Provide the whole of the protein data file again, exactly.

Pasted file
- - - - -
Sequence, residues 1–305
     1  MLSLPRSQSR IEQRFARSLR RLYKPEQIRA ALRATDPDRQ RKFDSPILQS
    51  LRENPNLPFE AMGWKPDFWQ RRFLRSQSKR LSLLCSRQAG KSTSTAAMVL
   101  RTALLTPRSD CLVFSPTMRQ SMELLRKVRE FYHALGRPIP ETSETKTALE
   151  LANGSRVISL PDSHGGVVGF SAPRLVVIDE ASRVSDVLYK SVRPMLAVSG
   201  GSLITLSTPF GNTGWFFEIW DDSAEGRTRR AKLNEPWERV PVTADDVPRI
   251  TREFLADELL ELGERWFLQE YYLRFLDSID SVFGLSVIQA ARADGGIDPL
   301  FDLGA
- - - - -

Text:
Sequence, residues 1–305
     1  MLSLPRSQSR IEQRFARSLR RLYKPEQIRA ALRATDPDRQ RKFDSPILQS
    51  LRENPNLPFE AMGWKPDFWQ RRFLRSQSKR LSLLCSRQAG KSTSTAAMVL
   101  RTALLTPRSD CLVFSPTMRQ SMELLRKVRE FYHALGRPIP ETSETKTALE
   151  LANGSRVISL PDSHGGVVGF SAPRLVVIDE ASRVSDVLYK SVRPMLAVSG
   201  GSLITLSTPF GNTGWFFEIW DDSAEGRTRR AKLNEPWERV PVTADDVPRI
   251  TREFLADELL ELGERWFLQE YYLRFLDSID SVFGLSVIQA ARADGGIDPL
   301  FDLGA